For all its brutalist repetition, “Washout” is surprisingly flighty in places, fading in and out between tangling, snaking keyboard riffs. As if teasing the listener, the relentless thud of the bass drum that serves as the track’s backbone occasionally slides out of sync between torrents of clicking hi-hats. The heavily distorted keyboards and restless percussion ferment an almost tribal, Teutonic pugilism but the track is still able to conjure a distinctive sense of space—the martial clatter of Woodkid or the soporific haze of Dashevsky compacted into spidery, fingernail-tapping claustrophobia.

Flying Lotus, one of nej!las’ primary influences, is clearly audible in “Washout”. Particularly, the end in which the track’s rhythmic digressions finally coagulate into a clattering, relentless chunter, like pebbles fountaining onto a tin roof, bears a striking resemblance to Flying Lotus’ “Do the Astral Plane”. However, the wired violence of nej!las is largely absent in his music, and is perhaps her USP.  CO


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Mihail Doman- “Arhythmology” Review

With “Arhythmology”, Romanian composer Mihail Doman voyages into headily conceptual territory. The album is a neo-classical exploration of rebirth spliced into 9 segments, accompanied by a video transposing Botticelli’s “Birth of Venus” onto a pristine white backdrop through modern dance. “Arhythmology” is inspired by Jean-Michel Jarre in its evocative swells and flowerings, but Doman shepherds his glacial futurism back into the familiar piano-led bounds of modern classical, more akin to a Philip Glass than an Aphex Twin.

However, this doesn’t imply a lack of ambition in this grand, sweeping project. “Arhythmology VI”, which was deservedly the album’s first single, ascends smoothly from a stately opening into a tightly-wound, beautifully melodic climax. However, the restraint of its crescendo distinguishes it from several of the album’s other tracks, whose peaks can be obscured beneath booming, wide-screen drums. Notably, the end of “Arhythmology III” is fumbled by the unnecessary and melodramatic inclusion of pounding tribal rhythms.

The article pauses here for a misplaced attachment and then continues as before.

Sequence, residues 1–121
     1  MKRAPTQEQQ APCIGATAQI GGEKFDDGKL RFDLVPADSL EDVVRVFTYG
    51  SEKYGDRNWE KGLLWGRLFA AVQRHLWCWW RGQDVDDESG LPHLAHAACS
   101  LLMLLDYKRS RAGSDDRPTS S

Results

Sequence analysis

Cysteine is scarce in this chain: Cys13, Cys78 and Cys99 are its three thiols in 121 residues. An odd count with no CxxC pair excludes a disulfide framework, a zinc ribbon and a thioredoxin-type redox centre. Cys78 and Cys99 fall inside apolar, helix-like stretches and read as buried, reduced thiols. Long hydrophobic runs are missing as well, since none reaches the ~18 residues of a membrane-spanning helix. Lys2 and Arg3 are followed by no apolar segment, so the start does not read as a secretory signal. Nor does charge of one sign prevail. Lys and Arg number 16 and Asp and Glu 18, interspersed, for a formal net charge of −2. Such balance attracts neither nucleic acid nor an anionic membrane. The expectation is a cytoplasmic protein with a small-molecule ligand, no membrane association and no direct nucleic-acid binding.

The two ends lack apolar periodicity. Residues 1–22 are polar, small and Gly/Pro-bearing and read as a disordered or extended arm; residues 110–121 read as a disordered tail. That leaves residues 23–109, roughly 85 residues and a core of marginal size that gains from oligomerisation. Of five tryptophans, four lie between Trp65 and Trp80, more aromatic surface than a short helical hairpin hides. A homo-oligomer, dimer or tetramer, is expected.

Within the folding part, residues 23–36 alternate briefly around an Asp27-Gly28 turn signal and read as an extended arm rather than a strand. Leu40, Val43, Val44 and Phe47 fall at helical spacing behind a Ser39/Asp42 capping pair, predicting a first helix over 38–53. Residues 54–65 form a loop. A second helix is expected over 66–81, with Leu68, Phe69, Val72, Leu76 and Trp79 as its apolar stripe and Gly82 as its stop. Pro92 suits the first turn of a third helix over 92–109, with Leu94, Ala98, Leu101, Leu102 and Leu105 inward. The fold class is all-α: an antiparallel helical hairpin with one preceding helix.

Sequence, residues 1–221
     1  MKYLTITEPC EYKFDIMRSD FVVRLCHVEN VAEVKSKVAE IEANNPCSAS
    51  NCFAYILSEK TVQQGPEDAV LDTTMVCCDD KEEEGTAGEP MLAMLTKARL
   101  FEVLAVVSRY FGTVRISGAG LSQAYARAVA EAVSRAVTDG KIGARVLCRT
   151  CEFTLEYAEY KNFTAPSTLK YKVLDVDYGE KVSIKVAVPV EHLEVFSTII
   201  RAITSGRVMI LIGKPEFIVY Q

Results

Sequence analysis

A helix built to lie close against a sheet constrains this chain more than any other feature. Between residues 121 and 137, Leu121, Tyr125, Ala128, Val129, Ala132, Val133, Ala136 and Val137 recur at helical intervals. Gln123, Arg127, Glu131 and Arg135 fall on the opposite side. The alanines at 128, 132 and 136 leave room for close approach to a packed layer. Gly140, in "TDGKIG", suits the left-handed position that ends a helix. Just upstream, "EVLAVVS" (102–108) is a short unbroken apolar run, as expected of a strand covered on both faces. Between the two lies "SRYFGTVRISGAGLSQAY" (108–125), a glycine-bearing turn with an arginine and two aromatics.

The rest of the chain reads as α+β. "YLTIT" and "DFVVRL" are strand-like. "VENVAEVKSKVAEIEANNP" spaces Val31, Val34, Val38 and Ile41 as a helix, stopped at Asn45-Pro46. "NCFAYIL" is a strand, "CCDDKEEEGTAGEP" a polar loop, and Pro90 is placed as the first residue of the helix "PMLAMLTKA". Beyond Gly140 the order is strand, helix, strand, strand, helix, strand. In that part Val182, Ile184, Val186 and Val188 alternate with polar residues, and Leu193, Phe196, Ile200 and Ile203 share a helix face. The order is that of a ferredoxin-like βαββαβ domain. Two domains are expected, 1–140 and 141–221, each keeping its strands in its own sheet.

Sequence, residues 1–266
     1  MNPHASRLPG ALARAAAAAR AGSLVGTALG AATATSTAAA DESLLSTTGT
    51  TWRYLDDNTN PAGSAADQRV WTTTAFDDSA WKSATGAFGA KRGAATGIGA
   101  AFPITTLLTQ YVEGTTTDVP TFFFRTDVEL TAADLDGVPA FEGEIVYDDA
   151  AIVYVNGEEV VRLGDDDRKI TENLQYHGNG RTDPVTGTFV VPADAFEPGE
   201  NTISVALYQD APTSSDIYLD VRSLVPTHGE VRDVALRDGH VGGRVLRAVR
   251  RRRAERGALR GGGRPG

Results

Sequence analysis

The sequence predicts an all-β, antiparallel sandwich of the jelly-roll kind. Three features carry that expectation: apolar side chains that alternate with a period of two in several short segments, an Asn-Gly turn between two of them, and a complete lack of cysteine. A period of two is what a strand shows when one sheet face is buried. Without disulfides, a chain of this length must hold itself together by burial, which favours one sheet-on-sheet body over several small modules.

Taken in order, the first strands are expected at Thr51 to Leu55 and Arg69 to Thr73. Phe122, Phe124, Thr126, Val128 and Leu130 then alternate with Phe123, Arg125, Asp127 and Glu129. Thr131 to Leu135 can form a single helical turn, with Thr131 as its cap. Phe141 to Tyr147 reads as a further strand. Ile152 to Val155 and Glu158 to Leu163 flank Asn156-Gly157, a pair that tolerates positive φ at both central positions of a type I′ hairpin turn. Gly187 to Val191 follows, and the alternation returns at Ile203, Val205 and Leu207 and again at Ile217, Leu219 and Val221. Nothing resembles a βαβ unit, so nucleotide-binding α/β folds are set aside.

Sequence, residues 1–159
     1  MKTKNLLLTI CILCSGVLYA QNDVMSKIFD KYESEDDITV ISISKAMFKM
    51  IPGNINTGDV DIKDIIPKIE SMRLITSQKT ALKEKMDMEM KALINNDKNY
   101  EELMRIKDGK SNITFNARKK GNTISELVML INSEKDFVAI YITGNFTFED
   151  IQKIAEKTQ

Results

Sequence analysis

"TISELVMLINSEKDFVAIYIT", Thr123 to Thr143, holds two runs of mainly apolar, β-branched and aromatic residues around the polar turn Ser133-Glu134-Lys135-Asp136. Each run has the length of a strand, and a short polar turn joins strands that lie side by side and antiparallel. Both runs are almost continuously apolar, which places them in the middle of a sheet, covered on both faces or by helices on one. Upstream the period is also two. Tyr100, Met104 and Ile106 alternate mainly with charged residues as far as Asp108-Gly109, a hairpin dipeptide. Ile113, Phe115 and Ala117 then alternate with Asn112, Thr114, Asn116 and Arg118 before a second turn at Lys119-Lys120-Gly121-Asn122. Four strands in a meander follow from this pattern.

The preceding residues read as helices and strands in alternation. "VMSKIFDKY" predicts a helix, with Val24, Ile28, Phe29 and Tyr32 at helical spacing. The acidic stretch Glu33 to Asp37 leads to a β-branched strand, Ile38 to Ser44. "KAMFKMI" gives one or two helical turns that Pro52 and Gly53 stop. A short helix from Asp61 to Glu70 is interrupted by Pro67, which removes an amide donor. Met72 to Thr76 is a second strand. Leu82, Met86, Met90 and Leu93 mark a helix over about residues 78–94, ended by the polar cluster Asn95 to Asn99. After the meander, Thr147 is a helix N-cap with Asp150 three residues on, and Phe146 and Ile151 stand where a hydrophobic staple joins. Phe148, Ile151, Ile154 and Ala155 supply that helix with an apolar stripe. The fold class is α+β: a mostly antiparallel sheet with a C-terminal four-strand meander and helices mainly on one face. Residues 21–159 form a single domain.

However, for all the cymbal splashes and thunderous orchestral bombast, the music is often soberly unflashy at its core, Doman building gradually from minimalistic piano lines and melodies. Ripples of Yann Tiersen or Erik Satie surface in the patient, pristine chords of “Arhythmology V”, and Doman brews the ominous ambient bubblings of the “Prelude” with painterly tact. He eschews the virtuosic flourishes of a Rachmaninoff or Liszt, diluting their melodic gifts down into guarded clarity—breezeblock-basic but strikingly intelligible. Any risk of “Arhythmology” being desaturated into drabness by this simplicity is swiftly curtailed by Doman’s rich use of strings and those cannon-blast drums, which are at least modernising.

This intersection of grand orchestration and relative simplicity sits Doman at the crux of contemporary cinematic music, and there are indeed flickers of Hans Zimmer’s “Time” in the pluming, warming strings of “Arhythmology 1”. This track slots into the album’s clear and somewhat constrictive musical house style, but there are fleeting transgressions: for instance, “Arhythmology” unexpectedly veers into the work of William Basinski or Harold Budd in the simmering ambience of the “Epilogue”. In its rumbling, choral heaves it serves as an intriguing glimpse of what the album could have been had Doman deviated more from his artistic blueprint. As it stands, “Arhythmology” often falls into contrast with its own name, stoically adhering to its own internal logic for much of its duration. However, it is difficult to deny the resonance and potency of its highlights—”Arhythmology VI”, notably—and its own overall coherence. In both opening and closing with brooding ambient pieces it gleans a sense of circularity, in keeping with its themes of rebirth and resurrection, deepening its immersion. As Doman himself remarked, the album “a soundtrack without a film”, and it’s a strikingly realised one at that. CO


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Pop, Prog-Rock, Singer-songwriter

Steven Wilson- “To the Bone” Review